Simultaneously, during the establishment of these touring circuits, recording technology began to improve to the point where portable recording machines could be transported around the country. These were used to record these “exotic” new sounds. Whether it was the easily recordable bright sound of the steel guitar and the naturally strong Hawaiian singing voice that could easily move the recording needle to penetrate the thick recording cylinders, or the already built-in audience for Hawaiian music, these Hawaiian musicians were the most sought after for recording in the 1920s.
What resulted was a co-existence of Hawaiian and jazz music throughout the United States. It isn’t unfathomable to see how touring Hawaiian musicians were hearing the sounds and styles of American jazz and blues and the American jazz and blues players were hearing the sounds of Hawaiian music. As with any cultural art form they must have borrowed from each other and adapted what they were doing on what they heard. I doubt that there was much musical exchange before these one on one relationships developed. The question is how much exposure to each others music through cylinder and early 78 recordings did the American South and Hawaii have? Again this is an area that requires further study.
I believe that there were musical developments that were beyond just mere coincidence. While these occurred in geographical areas that are mutually exclusive from each other, they are based on what I understand to be shared musical histories. The exposure to each others music through touring and the increased popularity of jazz and Hawaiian music only solidified this similarity and encouraged borrowing. After World War I as the United States began to establish a truly unique and unified cultural identity, music was a common ground between all aspects of this new country, including the newly (albeit illegally) acquired Territory of Hawaii.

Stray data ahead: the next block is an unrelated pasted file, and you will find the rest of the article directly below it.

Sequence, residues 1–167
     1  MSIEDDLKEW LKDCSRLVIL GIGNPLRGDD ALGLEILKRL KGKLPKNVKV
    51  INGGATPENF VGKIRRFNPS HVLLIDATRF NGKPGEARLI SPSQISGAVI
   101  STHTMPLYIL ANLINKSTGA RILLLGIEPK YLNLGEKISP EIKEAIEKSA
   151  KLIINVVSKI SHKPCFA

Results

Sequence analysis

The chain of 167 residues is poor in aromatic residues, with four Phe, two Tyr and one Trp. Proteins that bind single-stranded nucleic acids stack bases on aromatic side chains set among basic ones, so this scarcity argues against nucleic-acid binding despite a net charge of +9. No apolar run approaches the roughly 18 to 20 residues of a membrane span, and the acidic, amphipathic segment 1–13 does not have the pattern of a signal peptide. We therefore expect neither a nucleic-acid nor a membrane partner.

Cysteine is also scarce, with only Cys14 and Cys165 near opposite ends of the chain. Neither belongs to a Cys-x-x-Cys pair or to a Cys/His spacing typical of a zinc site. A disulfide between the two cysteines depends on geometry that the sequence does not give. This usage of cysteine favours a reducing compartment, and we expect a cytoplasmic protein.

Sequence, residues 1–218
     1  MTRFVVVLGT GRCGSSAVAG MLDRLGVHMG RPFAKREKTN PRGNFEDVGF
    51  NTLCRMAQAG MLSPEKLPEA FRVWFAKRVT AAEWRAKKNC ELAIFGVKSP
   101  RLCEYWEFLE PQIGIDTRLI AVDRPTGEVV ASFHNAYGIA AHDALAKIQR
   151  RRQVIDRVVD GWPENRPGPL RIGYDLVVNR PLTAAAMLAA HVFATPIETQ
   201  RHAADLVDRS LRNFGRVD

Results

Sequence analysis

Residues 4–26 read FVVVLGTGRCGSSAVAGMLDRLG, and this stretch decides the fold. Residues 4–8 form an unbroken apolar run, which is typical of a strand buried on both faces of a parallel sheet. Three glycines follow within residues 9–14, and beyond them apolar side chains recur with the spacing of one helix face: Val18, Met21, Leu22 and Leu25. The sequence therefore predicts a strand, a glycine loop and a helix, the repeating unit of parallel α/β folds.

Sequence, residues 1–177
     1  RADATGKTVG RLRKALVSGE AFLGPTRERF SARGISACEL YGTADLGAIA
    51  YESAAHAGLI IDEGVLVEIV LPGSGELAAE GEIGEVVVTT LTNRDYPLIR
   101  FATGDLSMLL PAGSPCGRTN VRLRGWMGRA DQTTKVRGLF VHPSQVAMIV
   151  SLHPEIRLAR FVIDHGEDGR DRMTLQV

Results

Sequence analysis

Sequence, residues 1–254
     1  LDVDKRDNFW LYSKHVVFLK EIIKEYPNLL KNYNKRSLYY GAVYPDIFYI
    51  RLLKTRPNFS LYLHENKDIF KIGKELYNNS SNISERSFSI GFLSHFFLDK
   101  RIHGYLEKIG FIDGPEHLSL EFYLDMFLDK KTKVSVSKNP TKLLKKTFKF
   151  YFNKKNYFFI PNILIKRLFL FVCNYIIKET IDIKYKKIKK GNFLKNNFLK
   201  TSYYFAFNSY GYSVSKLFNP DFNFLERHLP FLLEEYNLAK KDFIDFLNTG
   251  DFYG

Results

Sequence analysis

The years between 1900 and 1929 are a complex and deeply interwoven tapestry of development in American music. It involved new technology, new modes of transportation and new interest in creating something American. The roles of African-Americans in the South and Hawaiians are a part of that, but their relationship with each other is something that needs to be studied and examined further. It would interesting to see what information researchers in the field of ethnomusicology could uncover if they committed to investigating this complex time of musical development in America.
I purposely left out an examination of the Hawaiian steel guitar in this discussion as that is a whole other area of study, but one that is important when discussing these relationships. For more information in that area I suggest you read “The History and Artistry of National Resonator Instrument” by Bob Brozman which is a wealth of information about the development of the Hawaiian steel guitar and its use in Hawaiian as well as jazz and blues music.
While this series of blog posts has focused on how outside musical cultures influenced modern Hawaiian music, this situation is unique as I see American jazz and blues as at first existing mutually exclusively from Hawaiian and then coming together to have a simultaneous influence on each other. What we can say is that these relationships helped HO`ANALU….to go beyond known boundaries and create sounds here in Hawaii and elsewhere that had never been heard before. We cannot forget how important this music was throughout the world as jazz became hugely popular throughout Europe as did Hawaiian music. Also the popularity of Hawaiian music in many Southeast Asian countries through the touring of Tau Moe, and not discounting the influence of the steel guitar on modern Indian music.
So from here on out as I look at the influence of big band music, folk and country music and Caribbean music in Hawaii, I am really looking at how Hawaiian music influenced themselves, as all those musical forms are based on jazz and blues music, which as I just argued, were partially influenced by Hawaiian music. I truly see the music being created and recorded in America between the years 1915 and 1930 as being the golden years of artistic expression. Everything was new and fresh and musicians and artists were looking to create something uniquely modern. In that way it embodies completely the concept of HO`ANALU….to go beyond known boundaries.
Come back for future posts as I look at how American Big Band music, American folk and country and Caribbean music comes back to influence the music being made in Hawaii. Again, if you have further ideas about the relationship between Hawaiian music of the 1920s and American jazz and blues, please comment as I am interested in deepening the discussion of this complex relationship. Happy birthday America! And Ua Mau Ka Ea O Ka Aina I Ka Pono!